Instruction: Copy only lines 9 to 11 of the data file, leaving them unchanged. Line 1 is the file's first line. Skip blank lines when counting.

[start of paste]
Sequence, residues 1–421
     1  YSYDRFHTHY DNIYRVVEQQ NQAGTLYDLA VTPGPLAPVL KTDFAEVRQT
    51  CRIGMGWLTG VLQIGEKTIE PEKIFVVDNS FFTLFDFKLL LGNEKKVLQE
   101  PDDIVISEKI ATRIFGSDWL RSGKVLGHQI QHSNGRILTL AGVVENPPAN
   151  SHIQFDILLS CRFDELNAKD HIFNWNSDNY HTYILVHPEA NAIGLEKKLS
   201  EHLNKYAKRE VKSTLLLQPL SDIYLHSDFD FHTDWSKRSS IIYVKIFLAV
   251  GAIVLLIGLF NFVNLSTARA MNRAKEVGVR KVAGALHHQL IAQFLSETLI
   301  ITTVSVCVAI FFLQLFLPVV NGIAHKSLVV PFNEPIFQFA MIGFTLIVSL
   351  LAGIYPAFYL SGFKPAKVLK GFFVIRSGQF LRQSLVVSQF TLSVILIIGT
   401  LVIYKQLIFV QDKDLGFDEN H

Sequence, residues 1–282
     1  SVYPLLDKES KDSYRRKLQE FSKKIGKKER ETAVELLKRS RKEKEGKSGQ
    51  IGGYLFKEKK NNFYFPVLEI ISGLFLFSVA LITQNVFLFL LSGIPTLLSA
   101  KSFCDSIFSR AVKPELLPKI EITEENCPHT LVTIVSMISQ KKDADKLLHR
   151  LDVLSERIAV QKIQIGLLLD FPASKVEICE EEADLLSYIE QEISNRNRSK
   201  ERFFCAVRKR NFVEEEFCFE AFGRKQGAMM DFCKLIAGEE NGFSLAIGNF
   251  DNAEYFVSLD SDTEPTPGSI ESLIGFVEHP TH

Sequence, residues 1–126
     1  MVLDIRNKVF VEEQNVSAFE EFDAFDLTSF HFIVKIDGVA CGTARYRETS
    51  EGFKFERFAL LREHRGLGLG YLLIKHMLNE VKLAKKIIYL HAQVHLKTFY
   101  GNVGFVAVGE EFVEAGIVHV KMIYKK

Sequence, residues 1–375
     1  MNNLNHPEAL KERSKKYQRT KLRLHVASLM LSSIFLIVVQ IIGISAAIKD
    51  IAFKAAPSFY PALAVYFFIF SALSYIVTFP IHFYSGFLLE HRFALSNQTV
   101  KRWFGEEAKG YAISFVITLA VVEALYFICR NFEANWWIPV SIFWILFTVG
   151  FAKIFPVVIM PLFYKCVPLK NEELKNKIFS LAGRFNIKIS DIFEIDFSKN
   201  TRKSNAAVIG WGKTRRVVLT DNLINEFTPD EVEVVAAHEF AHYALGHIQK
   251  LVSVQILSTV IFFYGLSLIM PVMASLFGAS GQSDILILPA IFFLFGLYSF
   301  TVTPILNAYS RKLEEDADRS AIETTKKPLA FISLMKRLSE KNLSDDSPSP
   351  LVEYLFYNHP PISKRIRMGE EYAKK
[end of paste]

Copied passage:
   351  LAGIYPAFYL SGFKPAKVLK GFFVIRSGQF LRQSLVVSQF TLSVILIIGT
   401  LVIYKQLIFV QDKDLGFDEN H

Sequence, residues 1–282